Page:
What is La Niña?
La Niña is characterized by unusually cold ocean temperatures
in the eastern equatorial Pacific, as compared to El Niño,
which is characterized by unusually warm ocean temperatures in
the Equatorial Pacific. Click
here for a whole list of frequently asked questions.
Previous Cold Phases
La Niñas occurred in 1904, 1908, 1910, 1916, 1924, 1928,
1938, 1950, 1955, 1964, 1970, 1973, 1975, 1988, 1995
Temperature and Precipitation
Impacts During La Niña
Seasonal mean temperatures and precipitation maps for the United
States during strong La Niña are available from NOAA's
National Climate Prediction Center.
Typical La Niña Impacts
La Niña tends to bring nearly opposite effects of El Niño
to the United States wetter than normal conditions across
the Pacific Northwest and dryer and warmer than normal conditions
across much of the southern tier. The impacts of El Niño
and La Niña at these latitudes are most clearly seen in
wintertime. In the continental U.S., during El Niño years,
temperatures in the winter are warmer than normal in the North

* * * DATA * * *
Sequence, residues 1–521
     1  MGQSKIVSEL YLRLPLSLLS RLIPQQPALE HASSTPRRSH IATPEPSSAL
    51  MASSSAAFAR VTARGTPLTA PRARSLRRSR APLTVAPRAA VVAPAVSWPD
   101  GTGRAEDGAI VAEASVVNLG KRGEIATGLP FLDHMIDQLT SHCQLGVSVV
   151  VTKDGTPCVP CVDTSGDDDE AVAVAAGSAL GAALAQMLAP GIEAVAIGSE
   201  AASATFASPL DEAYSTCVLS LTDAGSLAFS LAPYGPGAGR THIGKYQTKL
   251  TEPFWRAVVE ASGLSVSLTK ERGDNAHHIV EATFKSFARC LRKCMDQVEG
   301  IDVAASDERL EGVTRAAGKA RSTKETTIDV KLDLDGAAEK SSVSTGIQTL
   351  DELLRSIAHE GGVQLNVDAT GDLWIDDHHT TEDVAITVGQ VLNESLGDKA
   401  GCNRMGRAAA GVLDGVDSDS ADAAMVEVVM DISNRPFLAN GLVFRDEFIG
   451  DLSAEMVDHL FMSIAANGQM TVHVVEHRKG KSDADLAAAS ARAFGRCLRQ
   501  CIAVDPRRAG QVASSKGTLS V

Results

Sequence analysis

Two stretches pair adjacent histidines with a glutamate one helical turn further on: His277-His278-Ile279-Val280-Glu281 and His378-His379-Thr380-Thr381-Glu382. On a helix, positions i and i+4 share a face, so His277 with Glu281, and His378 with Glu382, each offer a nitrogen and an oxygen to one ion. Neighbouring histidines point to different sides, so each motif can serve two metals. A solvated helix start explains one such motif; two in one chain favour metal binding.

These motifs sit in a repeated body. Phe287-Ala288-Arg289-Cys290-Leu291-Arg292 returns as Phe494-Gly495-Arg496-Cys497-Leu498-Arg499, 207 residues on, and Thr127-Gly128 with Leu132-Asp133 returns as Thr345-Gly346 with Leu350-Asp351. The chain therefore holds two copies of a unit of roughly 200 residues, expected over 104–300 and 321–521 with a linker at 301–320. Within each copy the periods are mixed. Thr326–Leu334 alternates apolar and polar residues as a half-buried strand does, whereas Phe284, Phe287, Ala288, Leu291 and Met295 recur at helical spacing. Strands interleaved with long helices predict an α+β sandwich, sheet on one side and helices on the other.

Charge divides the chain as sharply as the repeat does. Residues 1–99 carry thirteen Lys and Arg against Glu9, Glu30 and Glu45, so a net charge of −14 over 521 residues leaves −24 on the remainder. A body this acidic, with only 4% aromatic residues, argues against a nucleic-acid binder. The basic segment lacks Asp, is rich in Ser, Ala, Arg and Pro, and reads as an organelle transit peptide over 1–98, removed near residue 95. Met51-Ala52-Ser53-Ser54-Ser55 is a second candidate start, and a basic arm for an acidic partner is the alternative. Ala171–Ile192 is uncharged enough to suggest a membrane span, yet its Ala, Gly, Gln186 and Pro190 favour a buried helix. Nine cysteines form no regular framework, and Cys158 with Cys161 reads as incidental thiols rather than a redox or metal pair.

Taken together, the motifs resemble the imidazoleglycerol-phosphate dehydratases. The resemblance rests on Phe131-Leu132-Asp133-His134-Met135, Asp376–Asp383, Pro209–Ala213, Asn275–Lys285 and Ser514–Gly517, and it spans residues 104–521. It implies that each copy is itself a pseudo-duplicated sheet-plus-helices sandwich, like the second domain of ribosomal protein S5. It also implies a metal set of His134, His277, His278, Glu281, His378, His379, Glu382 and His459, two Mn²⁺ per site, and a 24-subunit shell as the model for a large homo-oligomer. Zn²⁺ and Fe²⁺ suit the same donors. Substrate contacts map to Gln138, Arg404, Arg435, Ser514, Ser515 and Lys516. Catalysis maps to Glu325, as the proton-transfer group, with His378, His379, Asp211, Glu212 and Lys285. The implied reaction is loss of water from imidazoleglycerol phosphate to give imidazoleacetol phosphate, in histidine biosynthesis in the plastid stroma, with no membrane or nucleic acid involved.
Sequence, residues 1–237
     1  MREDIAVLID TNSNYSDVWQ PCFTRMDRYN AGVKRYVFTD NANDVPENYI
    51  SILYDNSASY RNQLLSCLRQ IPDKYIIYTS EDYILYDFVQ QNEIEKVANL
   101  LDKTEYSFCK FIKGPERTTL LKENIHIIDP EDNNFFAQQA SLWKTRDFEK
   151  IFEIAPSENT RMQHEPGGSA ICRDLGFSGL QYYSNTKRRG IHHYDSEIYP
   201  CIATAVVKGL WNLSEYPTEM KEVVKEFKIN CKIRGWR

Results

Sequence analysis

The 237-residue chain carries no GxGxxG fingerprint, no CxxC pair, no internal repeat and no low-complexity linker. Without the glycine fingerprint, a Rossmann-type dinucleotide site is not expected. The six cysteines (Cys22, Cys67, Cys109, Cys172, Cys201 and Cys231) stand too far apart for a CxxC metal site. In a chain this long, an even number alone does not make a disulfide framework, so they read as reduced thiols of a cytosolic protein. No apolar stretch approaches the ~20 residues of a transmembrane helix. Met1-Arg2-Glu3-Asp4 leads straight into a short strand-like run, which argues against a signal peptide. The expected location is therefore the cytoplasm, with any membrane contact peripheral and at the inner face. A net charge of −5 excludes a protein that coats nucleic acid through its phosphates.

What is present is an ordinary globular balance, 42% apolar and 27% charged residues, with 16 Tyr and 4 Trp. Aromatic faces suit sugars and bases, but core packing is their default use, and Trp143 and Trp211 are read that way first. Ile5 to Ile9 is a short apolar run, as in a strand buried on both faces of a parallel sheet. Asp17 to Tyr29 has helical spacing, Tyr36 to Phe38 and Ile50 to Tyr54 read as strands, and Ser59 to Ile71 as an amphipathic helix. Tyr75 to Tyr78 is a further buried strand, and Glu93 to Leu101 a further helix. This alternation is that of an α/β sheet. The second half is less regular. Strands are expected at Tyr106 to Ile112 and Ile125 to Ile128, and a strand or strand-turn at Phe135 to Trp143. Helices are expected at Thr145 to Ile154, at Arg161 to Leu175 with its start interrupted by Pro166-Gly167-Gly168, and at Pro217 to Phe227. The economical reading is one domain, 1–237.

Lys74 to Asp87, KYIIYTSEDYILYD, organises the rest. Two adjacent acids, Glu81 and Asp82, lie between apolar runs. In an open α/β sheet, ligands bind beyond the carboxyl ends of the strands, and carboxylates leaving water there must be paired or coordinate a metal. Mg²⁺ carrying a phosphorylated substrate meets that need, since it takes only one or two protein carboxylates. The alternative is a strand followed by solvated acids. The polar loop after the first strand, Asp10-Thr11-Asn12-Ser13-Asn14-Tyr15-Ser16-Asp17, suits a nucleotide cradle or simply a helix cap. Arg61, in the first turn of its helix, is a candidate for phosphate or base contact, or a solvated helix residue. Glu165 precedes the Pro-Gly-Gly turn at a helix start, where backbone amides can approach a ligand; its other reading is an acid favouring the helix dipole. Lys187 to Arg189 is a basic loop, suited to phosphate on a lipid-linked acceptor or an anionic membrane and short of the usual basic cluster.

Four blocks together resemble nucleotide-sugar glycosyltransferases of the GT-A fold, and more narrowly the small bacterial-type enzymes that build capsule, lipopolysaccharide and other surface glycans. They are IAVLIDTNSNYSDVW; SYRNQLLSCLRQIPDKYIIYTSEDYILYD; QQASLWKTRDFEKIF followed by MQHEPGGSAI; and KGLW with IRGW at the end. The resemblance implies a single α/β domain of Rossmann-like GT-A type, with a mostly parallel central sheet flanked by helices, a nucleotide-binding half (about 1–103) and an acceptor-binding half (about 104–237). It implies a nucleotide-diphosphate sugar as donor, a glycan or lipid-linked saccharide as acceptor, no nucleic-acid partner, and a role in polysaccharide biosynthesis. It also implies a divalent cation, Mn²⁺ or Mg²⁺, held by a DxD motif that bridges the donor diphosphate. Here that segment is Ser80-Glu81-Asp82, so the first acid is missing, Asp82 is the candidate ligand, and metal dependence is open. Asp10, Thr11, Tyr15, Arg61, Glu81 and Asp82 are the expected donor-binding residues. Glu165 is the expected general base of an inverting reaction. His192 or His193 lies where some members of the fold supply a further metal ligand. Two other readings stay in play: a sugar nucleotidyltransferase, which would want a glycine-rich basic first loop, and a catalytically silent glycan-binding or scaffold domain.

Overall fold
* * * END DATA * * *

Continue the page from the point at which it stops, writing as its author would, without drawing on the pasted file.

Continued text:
Central States, and cooler than normal in the Southeast and the
Southwest. During a La Niña year, winter temperatures
are warmer than normal in the Southeast and cooler than normal
in the Northwest.
What does La Niña mean?
La Niña means "The Little Girl." La Niña
is sometimes called El Viejo (Old Man), anti-El Niño,
or simply "a cold event" or "a cold episode".
ENSO/La Niña Forecast
a list of NOAA Internet sites with additional La Niña
IDEAS for REPORTERS || NOAA PUBLIC AFFAIRS || REPORTER
The National Centers for
Environmental Prediction's (NCEP) Climate
Prediction Center forecasts (ENSO Advisory, June 9, 1998)
indicate strengthening cold episode conditions in the tropical
Pacific during the remainder of 1998. Other statistical and coupled
model forecasts indicate a similar evolution. The predictions
during May indicate that a cold episode will likely develop during
the next six months and continue through the northern 1998-99
For more information contact John
Leslie at (301) 713-0622.
2000 PRESS RELEASES || NOAA